Nov 182017
 

The news about the American Chestnut trees that I have been bringing along up near Kinmount for the last 15 years is not good, I’m afraid. First: None of the nuts I planted last Fall sprouted so I had no new seedlings to plant this year. Second: I think because we had such a cold and wet Spring, only one of my three trees produced blossoms. Being dioecious (separate male and female trees), this meant there was virtually no hope of producing viable nuts this Summer, unless there are surviving American Chestnut trees nearby. Third: I hope it was due to a late frost but the new growth of leaves on all three of my trees exhibited noticeable deformation, although the remainder of the trees remained healthy-looking until they dropped their leaves. I’m hopeful that this isn’t a symptom of that devastating blight.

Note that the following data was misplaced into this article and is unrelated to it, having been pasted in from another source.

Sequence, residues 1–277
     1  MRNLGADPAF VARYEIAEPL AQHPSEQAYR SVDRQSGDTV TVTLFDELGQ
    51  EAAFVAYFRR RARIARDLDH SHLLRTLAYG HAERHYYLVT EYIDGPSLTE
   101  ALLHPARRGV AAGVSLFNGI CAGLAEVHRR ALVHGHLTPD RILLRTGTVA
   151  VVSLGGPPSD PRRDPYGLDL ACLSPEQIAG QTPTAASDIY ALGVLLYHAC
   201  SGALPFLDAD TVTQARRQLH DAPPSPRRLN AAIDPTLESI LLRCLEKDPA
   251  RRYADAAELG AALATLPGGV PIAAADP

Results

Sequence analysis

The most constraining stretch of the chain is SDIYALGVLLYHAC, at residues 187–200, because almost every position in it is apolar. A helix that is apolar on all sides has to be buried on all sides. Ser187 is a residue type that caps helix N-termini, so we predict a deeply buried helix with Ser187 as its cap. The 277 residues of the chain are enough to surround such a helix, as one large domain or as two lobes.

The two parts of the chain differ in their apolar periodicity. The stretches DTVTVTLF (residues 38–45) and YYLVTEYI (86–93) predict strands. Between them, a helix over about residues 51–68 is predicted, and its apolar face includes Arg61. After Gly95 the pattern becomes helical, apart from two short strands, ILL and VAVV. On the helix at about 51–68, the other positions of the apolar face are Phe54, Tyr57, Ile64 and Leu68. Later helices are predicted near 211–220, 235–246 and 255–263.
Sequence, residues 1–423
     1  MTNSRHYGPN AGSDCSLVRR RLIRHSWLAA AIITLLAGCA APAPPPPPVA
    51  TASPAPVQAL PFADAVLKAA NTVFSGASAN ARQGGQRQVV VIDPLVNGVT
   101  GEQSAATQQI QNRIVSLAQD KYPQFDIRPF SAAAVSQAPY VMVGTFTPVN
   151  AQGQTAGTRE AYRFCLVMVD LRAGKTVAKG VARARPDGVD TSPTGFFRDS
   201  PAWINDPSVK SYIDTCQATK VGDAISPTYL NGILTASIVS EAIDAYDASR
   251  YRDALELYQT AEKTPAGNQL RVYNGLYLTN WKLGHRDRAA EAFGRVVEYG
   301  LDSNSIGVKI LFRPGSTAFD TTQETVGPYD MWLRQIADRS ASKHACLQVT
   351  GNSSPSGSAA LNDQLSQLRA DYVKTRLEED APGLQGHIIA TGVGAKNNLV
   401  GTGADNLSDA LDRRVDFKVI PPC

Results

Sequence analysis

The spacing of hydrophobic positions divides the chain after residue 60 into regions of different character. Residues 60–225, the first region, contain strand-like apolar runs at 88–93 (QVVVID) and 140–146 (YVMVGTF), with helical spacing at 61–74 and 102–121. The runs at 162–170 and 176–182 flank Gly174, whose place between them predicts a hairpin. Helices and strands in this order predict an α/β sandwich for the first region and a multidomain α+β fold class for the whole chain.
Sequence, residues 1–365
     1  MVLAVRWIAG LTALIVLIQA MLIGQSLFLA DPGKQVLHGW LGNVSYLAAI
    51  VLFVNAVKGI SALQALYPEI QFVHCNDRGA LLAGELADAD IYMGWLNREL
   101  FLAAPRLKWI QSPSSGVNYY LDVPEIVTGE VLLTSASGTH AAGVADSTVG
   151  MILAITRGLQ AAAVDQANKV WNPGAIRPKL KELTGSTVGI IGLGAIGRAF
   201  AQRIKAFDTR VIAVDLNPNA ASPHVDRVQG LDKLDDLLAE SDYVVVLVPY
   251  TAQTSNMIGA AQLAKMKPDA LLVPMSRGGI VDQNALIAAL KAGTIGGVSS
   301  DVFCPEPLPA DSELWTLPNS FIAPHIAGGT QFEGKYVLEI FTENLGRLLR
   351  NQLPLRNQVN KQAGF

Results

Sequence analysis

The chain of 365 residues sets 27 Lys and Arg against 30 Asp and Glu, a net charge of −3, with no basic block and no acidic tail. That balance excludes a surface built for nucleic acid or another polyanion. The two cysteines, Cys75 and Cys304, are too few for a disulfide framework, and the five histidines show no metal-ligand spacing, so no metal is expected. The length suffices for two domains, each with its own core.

I am happy to report though that we saw bats at our cabin regularly through the Summer. I would say that their numbers are coming back up there. We also saw quite a few Monarch butterflies; more than in the past several Summers. We have never seen so many Moose as this summer: Two siblings (I presume) together on a game camera in the Spring, one big bull Moose in September and another, different bull Moose just a couple of weeks ago. Unfortunately, only two days after we saw the first bull Moose in our meadow, huge rack and all, my wife had a collision with him on Crystal Lake Road. Miraculously, and thankfully, she was completely unhurt, although the car was extensively damaged. The only other bit of good news coming from that is that the Moose ran off into the woods, apparently unhurt. The Moose we caught on camera a couple of weeks ago was younger, with a smaller rack and he appeared healthy.